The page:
//
// File: 16F88-voltage-reference-dac.c
//
// Author: J F Main.
//
// Description:
//
//   Testing voltage comparator output
//
// Compiler : mikroC, mikroElektronika C compiler
//            for Microchip PIC microcontrollers
//            Version: 6.2.0.0
//
// Note Testing:
//
//   Tested on 16F88
//
// Requirements:
//
//    Clock : 8MHz  (Internal)
//
// Target : 16F88
//
// Version:
// 1.00 - Initial release.
//
// Copyright : Copyright © John Main 
//   http://www.best-microcontroller-projects.com
//   Free for non commercial use as long as
//   this entire copyright notice is included
//   in source code and any other documentation.
//
//////////////////////////////////////////////////////////
#include "bit.h"

//////////////////////////////////////////////////////////
// Defines
#define RA2 2

//////////////////////////////////////////////////////////
// Start here
//
void main(void) {
unsigned char i=0;
unsigned char CVRCON_shdw = 0;

   /* Setup 16F88 */
   OSCCON  = 0x70;  // b6..4 = 110 (4MHz) 111=(8MHz).

   TRISB = 0;       // set as output

   ANSEL = (1<<RA2); // digital I/O except RA2 ana. I/O
   TRISA = (1<<RA2); // Set RA2 as input i.e. high Z

   // Setup the voltage reference
   // CVREN enable reference
   // CVROE output enable to pin
   // CVRR select coarse range
   CVRCON = (1<<CVREN) | (1<<CVROE) | (1<<CVRR);
   CVRCON_shdw = CVRCON;

   while(1) {      // infinite loop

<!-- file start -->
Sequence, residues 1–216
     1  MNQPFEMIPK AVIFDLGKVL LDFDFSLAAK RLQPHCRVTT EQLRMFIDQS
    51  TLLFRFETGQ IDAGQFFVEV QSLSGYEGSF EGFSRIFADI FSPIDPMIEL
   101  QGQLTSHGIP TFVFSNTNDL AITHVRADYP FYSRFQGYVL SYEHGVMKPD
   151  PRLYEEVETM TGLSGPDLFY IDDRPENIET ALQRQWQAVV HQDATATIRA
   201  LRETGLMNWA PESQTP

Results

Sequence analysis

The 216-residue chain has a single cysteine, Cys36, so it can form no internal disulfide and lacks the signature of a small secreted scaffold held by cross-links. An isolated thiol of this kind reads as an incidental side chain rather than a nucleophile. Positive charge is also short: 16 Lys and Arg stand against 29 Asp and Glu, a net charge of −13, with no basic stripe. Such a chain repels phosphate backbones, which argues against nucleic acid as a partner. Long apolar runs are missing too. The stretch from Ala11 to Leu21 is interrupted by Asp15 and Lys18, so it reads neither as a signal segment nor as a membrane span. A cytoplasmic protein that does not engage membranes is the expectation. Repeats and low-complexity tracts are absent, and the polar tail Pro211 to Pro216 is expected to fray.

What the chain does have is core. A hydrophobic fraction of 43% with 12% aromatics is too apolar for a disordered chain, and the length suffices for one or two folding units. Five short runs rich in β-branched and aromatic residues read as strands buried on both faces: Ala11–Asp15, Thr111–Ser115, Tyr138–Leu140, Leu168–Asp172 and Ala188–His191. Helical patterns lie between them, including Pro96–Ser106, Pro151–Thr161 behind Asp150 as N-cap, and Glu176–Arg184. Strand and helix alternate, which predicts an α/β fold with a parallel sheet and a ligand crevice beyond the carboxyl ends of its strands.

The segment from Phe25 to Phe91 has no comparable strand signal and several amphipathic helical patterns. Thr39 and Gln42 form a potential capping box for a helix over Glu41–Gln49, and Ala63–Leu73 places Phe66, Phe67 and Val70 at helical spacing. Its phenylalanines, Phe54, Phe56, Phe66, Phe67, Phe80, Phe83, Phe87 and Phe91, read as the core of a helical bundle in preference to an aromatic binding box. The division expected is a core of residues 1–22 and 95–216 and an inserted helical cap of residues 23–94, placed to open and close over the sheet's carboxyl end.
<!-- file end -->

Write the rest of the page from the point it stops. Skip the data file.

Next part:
// Scope trigger
      setBit(PORTB,3);
      delay_us(1);
      resBit(PORTB,3);

      for(i=0; i<16; i++) {

         // Note working on the shadow register as
         // the register updates immediately
         // so here output would be zeroed.
         // (if not using shdw).
         CVRCON_shdw &= 0xf0; // clear lower 4, keep top 4

         // Update the voltage reference mux
         CVRCON_shdw |= (i & 0x0f); // OR  in lower 4 bits

         // Output to real register in one go.
         CVRCON = CVRCON_shdw;
      }
   }
}

Internal DAC Disadvantages

Disadvantages of the internal DAC are that it:

  • Can only drive high impedance.
  • Only has 16 steps also split into high and low ranges.
  • Only uses internal supply as a reference *.
  • Can not go fully to V+.

* Note: For the 18F2550 device range you can select the reference voltage from the pin at Vref+.

If you design a circuit
with these limitations
in mind then you're good to go!

Advantages:

  • Programmable.
  • Already inside your microcontroller (depending on device).
  • No extra wiring.
  • Free!